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ny, some arguments are offered in vindication of the superiority of the former. The author urges, "That as the Jury is selected from among the people, at stated times, and after short intervals, the method and character of judicial procedure are not changed rashly and violently, but gradually to suit the times and the nation in which such change takes place—that, consequently, the administration of justice is always suited to the age, and harmony is preserved between the decrees of the tribunals, and the genius and opinions of the people. In the “Inquisitorial Process," on the contrary, the administration of justice is committed entirely to the hands of Judges, skilled in the law, (juris periti,) who, generally, are either in advance of the age in which they live, or behind it; and consequently, are desirous of introducing notions, to the reception of which, the people are not as yet prepared, or of proceeding according to rules and forms, which are already become obsolete.' Hence the prevalence in those countries, in which the “Inquisitorial Process" is used, of “Judge-made-law,” i. e., decisions, formed entirely upon precedents.
But further. It is remarked by an eminent law-writer, and cited by the author, that “Though Judges are likely to be more able than Jurymen, yet Jurymen are likely to be more honest than Judges.” Now, integrity is an important item-nay-it is an absolutely indispensible quality to the administration of justice. If, therefore, to the information of the Judge, be added the impartiality and honesty of the Jury, the ends of justice will be more likely to be attained. It is to this wise combination, that our system of judicature owes its high degree of excellence; and to this may we trace the origin of the remark: “Haud mirandum est civitatis Massachusetts procuratorem generalem asserere potuisse, nullam causam per longum tempus, quo tribunalibus interfuit, fuisse in qua jurati non juste recte que deciderunt.”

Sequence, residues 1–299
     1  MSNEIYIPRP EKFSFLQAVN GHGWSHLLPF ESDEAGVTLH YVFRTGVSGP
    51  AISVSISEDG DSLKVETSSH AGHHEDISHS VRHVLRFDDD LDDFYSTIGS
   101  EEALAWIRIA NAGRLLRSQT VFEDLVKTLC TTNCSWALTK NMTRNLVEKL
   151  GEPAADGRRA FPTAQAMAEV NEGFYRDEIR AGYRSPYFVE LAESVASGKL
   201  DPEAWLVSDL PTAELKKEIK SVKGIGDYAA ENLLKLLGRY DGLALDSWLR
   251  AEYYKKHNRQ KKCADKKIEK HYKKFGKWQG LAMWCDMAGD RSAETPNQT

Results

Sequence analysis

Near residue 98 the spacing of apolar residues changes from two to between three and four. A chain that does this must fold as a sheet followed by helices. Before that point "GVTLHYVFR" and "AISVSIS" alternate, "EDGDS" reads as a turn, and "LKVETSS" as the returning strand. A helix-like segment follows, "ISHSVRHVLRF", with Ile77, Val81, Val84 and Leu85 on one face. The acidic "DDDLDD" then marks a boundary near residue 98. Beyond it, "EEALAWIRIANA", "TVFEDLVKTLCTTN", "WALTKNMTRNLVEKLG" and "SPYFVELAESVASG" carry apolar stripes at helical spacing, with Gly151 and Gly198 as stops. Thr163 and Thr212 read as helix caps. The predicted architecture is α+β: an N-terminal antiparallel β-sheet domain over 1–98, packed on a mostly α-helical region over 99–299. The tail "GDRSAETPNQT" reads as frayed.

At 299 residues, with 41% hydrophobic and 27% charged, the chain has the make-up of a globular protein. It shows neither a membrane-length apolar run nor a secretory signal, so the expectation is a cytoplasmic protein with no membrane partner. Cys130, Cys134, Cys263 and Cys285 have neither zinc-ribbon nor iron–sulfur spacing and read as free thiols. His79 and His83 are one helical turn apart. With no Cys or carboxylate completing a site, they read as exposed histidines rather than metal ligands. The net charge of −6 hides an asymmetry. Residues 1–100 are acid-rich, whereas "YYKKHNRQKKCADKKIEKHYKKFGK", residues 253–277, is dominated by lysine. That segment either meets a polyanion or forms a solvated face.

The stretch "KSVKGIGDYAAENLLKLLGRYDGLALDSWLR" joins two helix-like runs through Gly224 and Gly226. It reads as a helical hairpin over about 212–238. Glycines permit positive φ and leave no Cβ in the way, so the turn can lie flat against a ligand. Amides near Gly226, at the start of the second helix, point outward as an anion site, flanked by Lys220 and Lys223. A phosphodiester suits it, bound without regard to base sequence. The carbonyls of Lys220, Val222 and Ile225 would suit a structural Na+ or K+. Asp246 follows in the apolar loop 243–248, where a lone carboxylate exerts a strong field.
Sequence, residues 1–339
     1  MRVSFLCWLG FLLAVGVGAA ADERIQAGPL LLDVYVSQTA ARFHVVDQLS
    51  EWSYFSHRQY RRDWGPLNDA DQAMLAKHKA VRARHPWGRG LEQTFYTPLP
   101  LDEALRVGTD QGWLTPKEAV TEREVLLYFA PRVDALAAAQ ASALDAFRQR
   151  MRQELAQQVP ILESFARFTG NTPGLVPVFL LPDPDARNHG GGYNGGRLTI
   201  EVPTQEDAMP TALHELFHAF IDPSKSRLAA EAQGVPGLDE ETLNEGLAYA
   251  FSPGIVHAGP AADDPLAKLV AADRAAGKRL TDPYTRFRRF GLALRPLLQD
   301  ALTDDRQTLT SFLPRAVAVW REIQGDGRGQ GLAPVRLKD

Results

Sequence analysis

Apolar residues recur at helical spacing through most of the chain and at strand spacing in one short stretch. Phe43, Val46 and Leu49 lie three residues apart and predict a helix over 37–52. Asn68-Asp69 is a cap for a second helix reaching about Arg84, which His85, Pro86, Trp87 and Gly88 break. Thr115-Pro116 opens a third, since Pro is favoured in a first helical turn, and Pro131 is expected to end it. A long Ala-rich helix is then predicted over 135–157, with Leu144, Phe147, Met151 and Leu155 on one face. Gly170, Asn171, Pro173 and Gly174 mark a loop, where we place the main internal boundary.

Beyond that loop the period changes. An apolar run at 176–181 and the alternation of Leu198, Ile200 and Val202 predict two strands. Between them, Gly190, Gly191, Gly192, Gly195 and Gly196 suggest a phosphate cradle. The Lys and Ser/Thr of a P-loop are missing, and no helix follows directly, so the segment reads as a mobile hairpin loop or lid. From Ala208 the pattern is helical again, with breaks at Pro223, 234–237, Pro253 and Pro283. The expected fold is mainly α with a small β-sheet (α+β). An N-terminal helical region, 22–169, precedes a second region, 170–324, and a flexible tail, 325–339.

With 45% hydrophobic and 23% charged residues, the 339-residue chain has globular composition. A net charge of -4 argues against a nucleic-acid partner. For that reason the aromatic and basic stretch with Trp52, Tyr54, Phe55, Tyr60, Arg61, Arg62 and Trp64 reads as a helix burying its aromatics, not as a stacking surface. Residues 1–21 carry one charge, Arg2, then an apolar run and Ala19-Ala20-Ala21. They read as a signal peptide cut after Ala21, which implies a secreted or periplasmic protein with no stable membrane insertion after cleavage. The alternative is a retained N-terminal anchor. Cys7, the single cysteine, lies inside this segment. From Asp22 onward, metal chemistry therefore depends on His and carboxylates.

These considerations lead the author justly to commend in the highest terms the trial of the Jury; and in the full and honest conviction of its great importance in serving the ends of justice, and in enabling a people to preserve in purity their rights and liberties against the strong arm of tyranny, and against corruption in their judiciary, he closes his essay in the following eloquent remarks:
"Quam honorificum juratorum virtutis testimonium! (alluding to the opinion of the Attorney-General of Massachusetts.) Quam luculentum præstantiæ hujus instituti argumentum! ut Aristoteles de democratia observarit, sic quoque juratorum judicium cives maxima honestate præditos requirit. 'Quam diu virtutem retineamus,' dixit Jefferson, 'populus liber manebimus;' juratorum igitur judicium, publicæ virtutis quasi obrussam æque ac præsidium, tamquam sacrum nostrorum institutorum, quæ, (Deo gratiæ agantur,) radices suas in temporibus antiquissimis originemque legitimam et historicum habent, non, (uti aliorum quorundum populorum instituta,) bello civili ac seditione parta, sanguineque civium ferruminat sunt, palladium merito colimus; illud vero tempus, quo nostri jurati indig. nos fide se ostenderint, reipublicæ libertatique ruinam minitari servitutisque commeritæ quasi præcursorem fore arbitramur.”
3.— The Life and Character of John Calvin, the Reformer, Reviewed and
Defended. By the Rev. THOMAS SMYTH, D. D.; Author of Lectures on the Apostolic Succession, etc., etc. Philadelphia : 1844.
Dr. Smyth is making daily additions to our theological libraries. Already is the world indebted to him for productions which challenge for themselves the highest place. The Church cannot do otherwise than look up to him as one of its most richly endowed servants, inde. fatigable, laborious, untiring, shining brightest in each difficult undertaking. We say the church, the reformed church; and if from his voluminous contributions to its literature, he has sometimes been called "the book maker,” we are free to confess our need of many such book makers. The age, and the tendencies of the age seem to demand such a consummation.
With reference to the work before us, we have many things to say in commendation, but as an impartial critic, there are faults too, which ought not to go unmarked. One sided criticism never attains its purpose; beauties and defects are to be viewed together and through the same medium. The biographer of John Calvin may expect difficulties, his task is an arduous one, and he must come to its execution with armour buckled on; prejudices are to be combatted and mis-statements cleared away, that a correct picture of the great Reformer be exhibited. Nor is the danger slight, of being over zealous in clearing away, and in the ardour of contest glossing over defects, and even deformities of character, so that it be questionable, upon the whole, whether they be virtues or vices. The end of righteous biography is to exhibit the individual as he lived and moved, “nothing extenuate or set down aught in malice.” Any other course obscures truth, if it does not entirely pervert it.